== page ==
As you may know I’ve been using git as my primary ftp, version control and way to put my projects online for public access and viewing. However, there is a very important thing when considering using these great technology: .gitignore.
Now, when using oAuth, you need a client identity and a client secret. For me, I don’t want to hard code them because that will make them publicly accessible so I stored them in a json file. I thought I followed ignoring the json by adding
to the .git/info/exclude file, however I did not do it right
as ^(.*)/secret.(.*)$ is different than ^(.*)secret\.(.*)$ and quite possibly is completely incorrect
Now first i uploaded it to github, only to find that the file was still there. This through to a flurry as for the last three commits I had assumed everything was peachy clean (I am still learning everything so I don’t hate myself for it. Luckily I was able to find this tutorial on github.
Not only was I able to remove my secret from the commit, but also able to add to the .gitignore in a simple manner. My fears relaxed and a feeling for relief ensued.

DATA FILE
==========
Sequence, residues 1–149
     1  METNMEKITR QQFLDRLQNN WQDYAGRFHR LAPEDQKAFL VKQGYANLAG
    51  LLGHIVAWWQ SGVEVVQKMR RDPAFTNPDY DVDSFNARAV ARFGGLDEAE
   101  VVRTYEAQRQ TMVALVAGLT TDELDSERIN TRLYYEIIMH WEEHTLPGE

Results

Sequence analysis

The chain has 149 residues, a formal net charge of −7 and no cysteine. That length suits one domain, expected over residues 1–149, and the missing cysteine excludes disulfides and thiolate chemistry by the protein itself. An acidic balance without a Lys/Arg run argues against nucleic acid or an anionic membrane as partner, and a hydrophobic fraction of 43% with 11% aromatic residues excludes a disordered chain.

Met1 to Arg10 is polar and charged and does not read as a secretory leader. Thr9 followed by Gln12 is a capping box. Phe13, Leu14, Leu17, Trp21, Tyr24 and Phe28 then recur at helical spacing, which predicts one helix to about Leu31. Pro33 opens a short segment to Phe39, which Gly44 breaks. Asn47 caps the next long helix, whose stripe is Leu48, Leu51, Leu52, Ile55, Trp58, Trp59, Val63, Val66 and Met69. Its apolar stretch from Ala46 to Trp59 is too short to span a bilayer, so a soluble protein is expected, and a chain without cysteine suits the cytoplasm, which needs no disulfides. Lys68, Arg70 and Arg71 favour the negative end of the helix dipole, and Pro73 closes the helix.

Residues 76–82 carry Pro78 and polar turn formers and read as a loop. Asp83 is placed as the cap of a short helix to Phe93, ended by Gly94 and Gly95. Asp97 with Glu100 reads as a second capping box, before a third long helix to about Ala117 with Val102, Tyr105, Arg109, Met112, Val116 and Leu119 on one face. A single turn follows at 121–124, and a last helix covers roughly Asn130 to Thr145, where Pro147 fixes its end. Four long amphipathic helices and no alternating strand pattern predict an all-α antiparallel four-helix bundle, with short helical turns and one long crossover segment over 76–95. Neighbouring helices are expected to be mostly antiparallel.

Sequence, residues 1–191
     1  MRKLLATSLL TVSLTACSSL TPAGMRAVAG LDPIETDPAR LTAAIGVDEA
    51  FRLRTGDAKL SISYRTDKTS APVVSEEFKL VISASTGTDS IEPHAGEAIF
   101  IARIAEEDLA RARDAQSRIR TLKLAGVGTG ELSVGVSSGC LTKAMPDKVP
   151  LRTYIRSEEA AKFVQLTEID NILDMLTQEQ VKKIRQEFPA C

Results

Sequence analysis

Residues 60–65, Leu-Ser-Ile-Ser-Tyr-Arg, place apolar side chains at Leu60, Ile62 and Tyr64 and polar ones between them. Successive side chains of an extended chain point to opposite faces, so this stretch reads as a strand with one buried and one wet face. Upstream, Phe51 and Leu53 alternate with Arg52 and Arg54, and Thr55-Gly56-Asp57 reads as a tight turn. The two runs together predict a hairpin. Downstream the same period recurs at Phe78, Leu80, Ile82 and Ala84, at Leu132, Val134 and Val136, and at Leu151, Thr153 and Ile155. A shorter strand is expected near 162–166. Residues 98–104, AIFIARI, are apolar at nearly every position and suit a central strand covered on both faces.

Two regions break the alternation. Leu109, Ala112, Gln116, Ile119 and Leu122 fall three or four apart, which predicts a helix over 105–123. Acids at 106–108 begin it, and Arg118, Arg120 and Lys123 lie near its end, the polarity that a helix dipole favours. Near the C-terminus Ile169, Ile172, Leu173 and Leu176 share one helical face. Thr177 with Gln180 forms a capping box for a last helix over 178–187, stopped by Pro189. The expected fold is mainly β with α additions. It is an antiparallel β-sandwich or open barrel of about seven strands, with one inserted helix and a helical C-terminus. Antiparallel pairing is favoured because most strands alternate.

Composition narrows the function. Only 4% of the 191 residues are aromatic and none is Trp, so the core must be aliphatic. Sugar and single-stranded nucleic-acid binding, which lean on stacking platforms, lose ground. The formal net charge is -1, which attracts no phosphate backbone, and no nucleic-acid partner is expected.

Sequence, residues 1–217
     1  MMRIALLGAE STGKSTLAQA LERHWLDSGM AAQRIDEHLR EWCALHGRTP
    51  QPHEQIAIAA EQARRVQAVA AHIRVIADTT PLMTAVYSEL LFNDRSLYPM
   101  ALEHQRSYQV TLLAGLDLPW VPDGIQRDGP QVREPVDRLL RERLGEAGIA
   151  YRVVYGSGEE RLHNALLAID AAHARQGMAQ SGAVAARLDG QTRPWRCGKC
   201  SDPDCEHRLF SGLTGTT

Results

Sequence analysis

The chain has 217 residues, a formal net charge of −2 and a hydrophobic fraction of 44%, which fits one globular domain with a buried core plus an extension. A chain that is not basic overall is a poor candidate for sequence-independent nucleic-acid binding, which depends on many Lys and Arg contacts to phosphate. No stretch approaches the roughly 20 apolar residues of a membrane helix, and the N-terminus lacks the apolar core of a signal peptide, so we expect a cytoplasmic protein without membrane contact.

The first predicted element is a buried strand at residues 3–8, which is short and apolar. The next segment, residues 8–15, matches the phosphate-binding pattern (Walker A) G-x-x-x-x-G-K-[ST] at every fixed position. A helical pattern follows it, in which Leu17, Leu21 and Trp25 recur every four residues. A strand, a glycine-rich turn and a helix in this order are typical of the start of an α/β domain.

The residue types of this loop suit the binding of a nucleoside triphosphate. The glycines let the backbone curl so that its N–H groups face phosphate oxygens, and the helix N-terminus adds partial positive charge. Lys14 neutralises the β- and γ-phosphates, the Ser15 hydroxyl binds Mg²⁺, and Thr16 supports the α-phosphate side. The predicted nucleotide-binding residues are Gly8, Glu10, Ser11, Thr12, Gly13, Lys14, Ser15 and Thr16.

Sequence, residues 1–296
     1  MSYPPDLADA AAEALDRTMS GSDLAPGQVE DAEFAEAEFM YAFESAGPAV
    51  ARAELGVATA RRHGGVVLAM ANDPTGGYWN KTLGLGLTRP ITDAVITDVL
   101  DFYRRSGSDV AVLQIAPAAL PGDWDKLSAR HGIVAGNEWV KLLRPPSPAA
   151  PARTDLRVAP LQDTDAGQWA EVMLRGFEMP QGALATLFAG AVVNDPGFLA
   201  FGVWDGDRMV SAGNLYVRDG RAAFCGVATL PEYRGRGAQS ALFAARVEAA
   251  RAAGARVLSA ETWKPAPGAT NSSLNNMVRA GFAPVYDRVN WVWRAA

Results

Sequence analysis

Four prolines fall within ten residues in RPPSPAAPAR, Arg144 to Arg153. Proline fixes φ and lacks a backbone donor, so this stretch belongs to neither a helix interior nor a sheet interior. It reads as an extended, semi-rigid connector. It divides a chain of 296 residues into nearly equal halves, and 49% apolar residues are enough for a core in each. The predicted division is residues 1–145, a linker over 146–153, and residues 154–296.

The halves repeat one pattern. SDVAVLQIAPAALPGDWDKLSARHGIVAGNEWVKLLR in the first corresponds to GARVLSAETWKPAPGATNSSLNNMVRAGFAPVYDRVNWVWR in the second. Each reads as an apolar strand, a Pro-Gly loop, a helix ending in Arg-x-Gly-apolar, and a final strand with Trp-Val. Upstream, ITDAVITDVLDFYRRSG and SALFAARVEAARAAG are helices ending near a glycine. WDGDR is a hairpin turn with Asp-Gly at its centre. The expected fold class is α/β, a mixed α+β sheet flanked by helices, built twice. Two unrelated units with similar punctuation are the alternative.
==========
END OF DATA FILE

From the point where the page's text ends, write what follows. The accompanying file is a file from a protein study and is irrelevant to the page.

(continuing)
Just to add to the security, I also made a proper .htaccess to hide the file
RewriteRule ^(.*)secret\.(.*)$ /404 [L]
So one of the things I’d prefer to do is to work on my website locally then push to github and my server. Easy to say like most concepts…
Now at times I just don’t want to figure things out, as such I chose to use someone elses work. This is a great Article on it. Now despite following the tutorial to a T I ran into issues, not because its a bad tutorial, because for anything, the amount of work and research that goes into something like this is very very very commendable. No work should ever be downplayed, though Its important to look at what is flawed.
I’m not going to rewrite the article but theres a few peices you will want to keep in mind
1) When editing your files from the shell, your most likely going to have to use vi the reason for this is you would have to install other file editors to use them
2) The Command
git remote set-url origin ssh://email@example.com/~/repo/app_name.git
git remote add origin ssh://firstname.lastname@example.org/~/repo/app_name.git
this may seem small, but you’ll be running into headaches if you don’t pay attention
3) if you’d like to include github to the mix, I’ll want to setup an ssh key for github https://help.github.com/articles/generating-ssh-keys
then in a similar fassion
git remote add github email@example.com:UserName/Repository.git
4) Get used to the following commands
-As I’m relatively new to git, I kinda learning the important aspects
Remember to change your directory to the working directory
git add .
git commit -m "your message" .
git push github master
git push origin master
I might store this in a script that I’ll just run as needed